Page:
Public transportation is excellent in South Korea, and even with a splurge on a taxi now and again, much cheaper than owning a car. Nevertheless, winter is coming and not in the Game of Thrones way. It's October. Next month is November and after that comes December.
Thank you captain obvious. What isn't so obvious is that I've been riding an e-bike since about April when I reached my limit for walking to the farm. The electric bike has been awesome except on cold days and raining days. Then it kind of is a miserable experience. A rain suit will help but it's time to drive. Thus, on Saturday I went to the driver's license center in Gangnam.
Information on getting a driver's license was both easy to find and unclear. For one thing, Google searches didn't turn up explicit instructions. I like those. It's hard to get it wrong. For example, can you take any part of the test on Saturday? The answer is yes, but you should have someone who speaks Korean to call and find out the dates.
At the location in Gangnam they had English, Chinese and a few others. Over the phone my friend was told and then told me that you have to take the test and then watch a video. This turned out to be an important misunderstanding. Two test times, meant I had to be there by 8 am. Coming from Punggi that meant going to Seoul the night before and staying in a hotel or catching the 3:30 train. I was supposed to go last month, but lack of sleep meant it was pointless. I could barely put on a shirt correctly at the time. This month, however I was good to go in that, though the night before I left the farm at ten pm and had to get up at 2 am, I had actually slept that week.
But alas, my bike decided to NOT cooperate by having a flat tire. With time too short to walk to the train station, I went back to bed until five. I got up again, trudged to the bus station and tried to get a seat to Seoul. Even the 6:15 am bus was booked, but thankfully the desk clerk checked the next too buses in case a seat was sold but the person didn't get on. I was in luck. The 7 am bus to Gangnam had such a seat. It was double lucky because I needed to be in Gangnam, not Dongseoul which is where the other bus terminal is.
My best friend was a bit uhg when she found out because we had discussed all the reasons going late was pointless. But I told her I have to try to get at least something done.
As it turned out, now that the test is on a computer there is a line... a line not unlike lines for things like riding a roller coaster or getting a hotdog at a busy hotdogery. The difference being that the line is for a computer. When a computer opens ups up the staff tell you to go sit down. You type in your number and your name appears and you take the test (7,500 won).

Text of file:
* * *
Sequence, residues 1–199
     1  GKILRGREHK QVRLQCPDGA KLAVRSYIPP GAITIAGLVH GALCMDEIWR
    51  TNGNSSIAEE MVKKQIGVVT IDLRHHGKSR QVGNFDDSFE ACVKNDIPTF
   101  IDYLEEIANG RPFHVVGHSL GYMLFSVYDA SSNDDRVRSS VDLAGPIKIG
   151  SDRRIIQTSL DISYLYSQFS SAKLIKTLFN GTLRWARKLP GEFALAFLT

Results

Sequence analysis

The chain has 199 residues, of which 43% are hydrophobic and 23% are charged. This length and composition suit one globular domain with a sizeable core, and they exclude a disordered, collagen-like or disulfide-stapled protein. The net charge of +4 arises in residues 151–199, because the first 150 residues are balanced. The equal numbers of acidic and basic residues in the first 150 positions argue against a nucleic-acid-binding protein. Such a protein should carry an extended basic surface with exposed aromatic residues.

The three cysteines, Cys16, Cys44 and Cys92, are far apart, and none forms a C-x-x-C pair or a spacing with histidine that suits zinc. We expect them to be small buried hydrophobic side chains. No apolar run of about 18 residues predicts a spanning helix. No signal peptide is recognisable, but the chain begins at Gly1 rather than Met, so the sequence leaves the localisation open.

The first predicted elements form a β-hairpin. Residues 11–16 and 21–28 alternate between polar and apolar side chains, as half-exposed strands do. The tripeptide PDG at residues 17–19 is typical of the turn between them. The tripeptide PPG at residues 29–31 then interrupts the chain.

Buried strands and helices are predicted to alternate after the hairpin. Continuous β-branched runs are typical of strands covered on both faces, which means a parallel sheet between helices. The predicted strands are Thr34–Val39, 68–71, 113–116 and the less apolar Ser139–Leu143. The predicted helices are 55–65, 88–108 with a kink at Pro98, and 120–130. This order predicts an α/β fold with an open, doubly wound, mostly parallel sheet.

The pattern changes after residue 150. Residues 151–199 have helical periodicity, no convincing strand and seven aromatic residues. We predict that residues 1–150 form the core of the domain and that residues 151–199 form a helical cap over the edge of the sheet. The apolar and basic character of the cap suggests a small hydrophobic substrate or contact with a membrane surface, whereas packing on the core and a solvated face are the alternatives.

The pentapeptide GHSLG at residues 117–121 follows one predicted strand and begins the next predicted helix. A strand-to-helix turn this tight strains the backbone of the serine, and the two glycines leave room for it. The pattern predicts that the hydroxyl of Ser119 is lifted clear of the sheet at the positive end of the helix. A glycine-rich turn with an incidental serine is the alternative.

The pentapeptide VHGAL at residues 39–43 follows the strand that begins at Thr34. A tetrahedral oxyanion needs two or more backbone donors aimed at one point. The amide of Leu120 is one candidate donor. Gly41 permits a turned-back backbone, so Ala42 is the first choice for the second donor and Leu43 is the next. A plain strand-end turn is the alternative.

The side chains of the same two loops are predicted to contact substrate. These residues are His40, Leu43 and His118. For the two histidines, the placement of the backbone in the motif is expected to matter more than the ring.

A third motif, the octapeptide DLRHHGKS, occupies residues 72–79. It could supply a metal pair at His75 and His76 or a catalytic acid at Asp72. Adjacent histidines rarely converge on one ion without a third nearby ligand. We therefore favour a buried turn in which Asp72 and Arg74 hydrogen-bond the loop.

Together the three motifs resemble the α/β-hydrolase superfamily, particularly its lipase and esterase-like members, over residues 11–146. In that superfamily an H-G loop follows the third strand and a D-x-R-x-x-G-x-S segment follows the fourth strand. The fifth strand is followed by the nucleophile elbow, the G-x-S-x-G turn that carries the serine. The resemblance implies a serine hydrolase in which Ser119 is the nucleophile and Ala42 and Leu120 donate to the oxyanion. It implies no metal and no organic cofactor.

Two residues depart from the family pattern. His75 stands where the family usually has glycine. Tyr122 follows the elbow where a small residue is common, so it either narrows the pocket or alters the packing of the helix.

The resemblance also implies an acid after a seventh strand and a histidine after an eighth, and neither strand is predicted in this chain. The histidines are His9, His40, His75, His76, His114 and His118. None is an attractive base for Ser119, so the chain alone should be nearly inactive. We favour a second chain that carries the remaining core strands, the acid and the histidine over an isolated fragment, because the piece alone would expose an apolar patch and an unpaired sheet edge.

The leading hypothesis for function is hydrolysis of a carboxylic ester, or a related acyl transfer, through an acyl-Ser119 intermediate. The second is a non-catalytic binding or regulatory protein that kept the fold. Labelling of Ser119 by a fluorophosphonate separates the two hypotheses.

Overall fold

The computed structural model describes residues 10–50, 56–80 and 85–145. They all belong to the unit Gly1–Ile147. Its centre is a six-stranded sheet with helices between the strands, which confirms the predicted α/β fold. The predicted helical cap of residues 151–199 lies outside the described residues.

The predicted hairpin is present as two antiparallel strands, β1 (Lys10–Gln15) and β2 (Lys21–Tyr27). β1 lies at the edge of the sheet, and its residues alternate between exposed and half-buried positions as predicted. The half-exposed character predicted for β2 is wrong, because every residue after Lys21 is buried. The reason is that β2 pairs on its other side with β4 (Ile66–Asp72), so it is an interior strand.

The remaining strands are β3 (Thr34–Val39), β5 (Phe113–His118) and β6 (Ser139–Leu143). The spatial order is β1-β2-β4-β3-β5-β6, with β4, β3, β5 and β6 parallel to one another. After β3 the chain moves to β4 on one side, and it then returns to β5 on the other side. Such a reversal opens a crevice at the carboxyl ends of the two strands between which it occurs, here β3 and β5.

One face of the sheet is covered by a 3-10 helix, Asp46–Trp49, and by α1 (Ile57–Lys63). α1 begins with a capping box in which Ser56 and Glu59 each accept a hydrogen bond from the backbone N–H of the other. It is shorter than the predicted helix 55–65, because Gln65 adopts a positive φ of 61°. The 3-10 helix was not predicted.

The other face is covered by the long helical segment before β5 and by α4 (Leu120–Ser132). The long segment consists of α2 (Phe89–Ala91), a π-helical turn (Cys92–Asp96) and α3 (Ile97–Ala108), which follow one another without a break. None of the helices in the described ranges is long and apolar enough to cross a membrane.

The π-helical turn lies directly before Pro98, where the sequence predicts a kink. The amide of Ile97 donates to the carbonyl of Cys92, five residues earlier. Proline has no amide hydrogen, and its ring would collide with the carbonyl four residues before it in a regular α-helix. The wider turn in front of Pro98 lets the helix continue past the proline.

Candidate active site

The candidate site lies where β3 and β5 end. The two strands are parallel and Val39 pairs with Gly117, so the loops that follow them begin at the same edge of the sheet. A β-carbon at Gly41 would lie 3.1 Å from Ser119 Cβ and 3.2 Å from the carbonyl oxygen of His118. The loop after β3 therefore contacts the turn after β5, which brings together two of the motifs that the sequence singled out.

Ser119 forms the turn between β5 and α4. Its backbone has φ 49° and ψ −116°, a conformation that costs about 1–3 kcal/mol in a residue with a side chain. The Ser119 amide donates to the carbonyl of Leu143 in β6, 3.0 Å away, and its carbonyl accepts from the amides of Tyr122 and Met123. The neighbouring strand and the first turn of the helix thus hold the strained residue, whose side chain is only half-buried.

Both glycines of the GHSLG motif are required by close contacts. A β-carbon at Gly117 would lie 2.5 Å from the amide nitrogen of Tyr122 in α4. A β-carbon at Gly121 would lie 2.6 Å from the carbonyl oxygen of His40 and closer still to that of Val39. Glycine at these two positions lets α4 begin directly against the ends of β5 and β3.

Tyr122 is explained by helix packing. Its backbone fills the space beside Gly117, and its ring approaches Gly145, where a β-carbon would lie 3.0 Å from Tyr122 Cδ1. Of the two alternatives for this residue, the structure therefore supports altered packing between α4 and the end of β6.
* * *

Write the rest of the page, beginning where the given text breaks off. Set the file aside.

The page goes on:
Before you can do that part you have to have a health check (6,000 won) and a traffic safety video (0 won). The video is styled after a Korean drama and isn't nearly as bad as the ones I remember from driver's ed in high school.
However, before I could watch the video I had to get in the right line on the 4th floor. First, I lined up in front of the classroom because I'm a genius an didn't read the 13 the lady had written on my paper. Then, I lined up at counter 13 and waited. And waited. When I got to the front, I was told that counter 13 was for internet reservations and go to counter 12. So I got into the back of that line and began sweating. By this time, there was a chance that maybe the room would be too full. Or not. Because, as it turned out the room sits more than a hundred people and I was number 66 and only a few more seats were into the 70's. We then watched the hour long movie for 35 minutes before it was time for the clerk to begin processing us out of the room.
From there I went to another line and then finally the line for the computers. On my next trip to Seoul in November I get to prove I can work windshield wipers and stuff. It would have just exchange my license before it expired but hindsight is 20/20.
Mariel R. is an ESL teacher, horse trainer, writer, editor, sporadic blogger, and lover of beer. She lives in South Korea with two house cats, three horses, a German Shepherd and three barn cats .
Bear (Gom in Korean) then (above) now (below)
Geumbi (Goldy in English) R.I.P February, 23, 2018